Here I am again: barely clothed, red faced, working up a sweat and contorting my body into unthinkable positions.

[Chloe Waddell | Junkee]

I leave with bruises, burns, aching muscles and sometimes the odd sprained wrist. Yep – pole dancing is a demanding sport.

Since I was four years old I went to weekly ballet classes, and as I got older I undertook more styles like funk, jazz, contemporary and pointe. One day I decided I wanted to push my limits even further so I signed up to pole dancing classes.

"No one starts pole being amazing. You develop strength, courage and skill over time just like any other sport."

— Chloe Waddell

A Damn Skillful Sport

Pole dancing has become a dynamic fitness craze for any age, gender or preference, both competitively and recreationally. Pole performing is even being considered as an Olympic sport, concreting its place in the sporting world.

Bethany Finlay is a competitive pole dancer, and currently holds a lot of prestigious titles. She says, “I pole full time, I run a studio and compete, as well as travel to run workshops at other studios”. Her decision to start poling was so her and her sister could do something fun together, and this decision has led her to become one of Australia’s best. Bethany also highlighted that all forms of people pole for countless reasons. Some people to lose weight, some to socialise, and others just to be part of an evolving sport. This includes boys, girls, non-binary, young and old; it’s the nature of pole fitness.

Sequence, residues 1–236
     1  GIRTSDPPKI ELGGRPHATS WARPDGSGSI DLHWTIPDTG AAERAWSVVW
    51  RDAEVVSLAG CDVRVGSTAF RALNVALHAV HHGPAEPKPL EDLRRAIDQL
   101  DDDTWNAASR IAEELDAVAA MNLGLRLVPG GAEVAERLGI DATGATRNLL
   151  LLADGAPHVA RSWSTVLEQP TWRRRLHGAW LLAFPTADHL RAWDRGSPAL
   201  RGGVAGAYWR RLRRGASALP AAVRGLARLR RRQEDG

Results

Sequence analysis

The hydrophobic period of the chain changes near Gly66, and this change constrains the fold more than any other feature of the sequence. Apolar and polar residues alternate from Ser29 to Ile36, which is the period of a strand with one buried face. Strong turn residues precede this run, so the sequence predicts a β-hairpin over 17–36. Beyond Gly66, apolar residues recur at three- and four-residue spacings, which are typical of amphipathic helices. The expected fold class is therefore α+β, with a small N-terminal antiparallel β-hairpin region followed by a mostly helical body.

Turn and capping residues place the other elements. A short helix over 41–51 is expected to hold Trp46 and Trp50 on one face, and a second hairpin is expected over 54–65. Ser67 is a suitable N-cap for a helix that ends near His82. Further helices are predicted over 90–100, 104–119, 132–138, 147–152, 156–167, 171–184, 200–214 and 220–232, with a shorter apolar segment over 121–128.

Pole Goals

No one starts pole being amazing. You develop strength, courage and skill over time just like any other sport. But having the determination to nail a ‘backward crucifix’ distracts from the fact that you’re actually getting a whole-body work out. When you finally achieve a ‘sleeping beauty’, ‘violator’, ‘death drop’ or other elusive trick you’ve been working on for a month, you’ll get to see all your hard work pay off, snap a great Insta pic, and start work on the next one. This trick-by-trick learning process is the foundation of a pole routine, and exemplifies the dedication needed to become a pro.

Jak Vogele, one of my pole coaches, is a seven-foot male who has won a number of pole competitions. In a recent class while teaching us a new trick, Jak said, “If it feels like your back is about to snap in half, then you’re doing it right”. This is the sporting side of pole. It hurts like a bitch.

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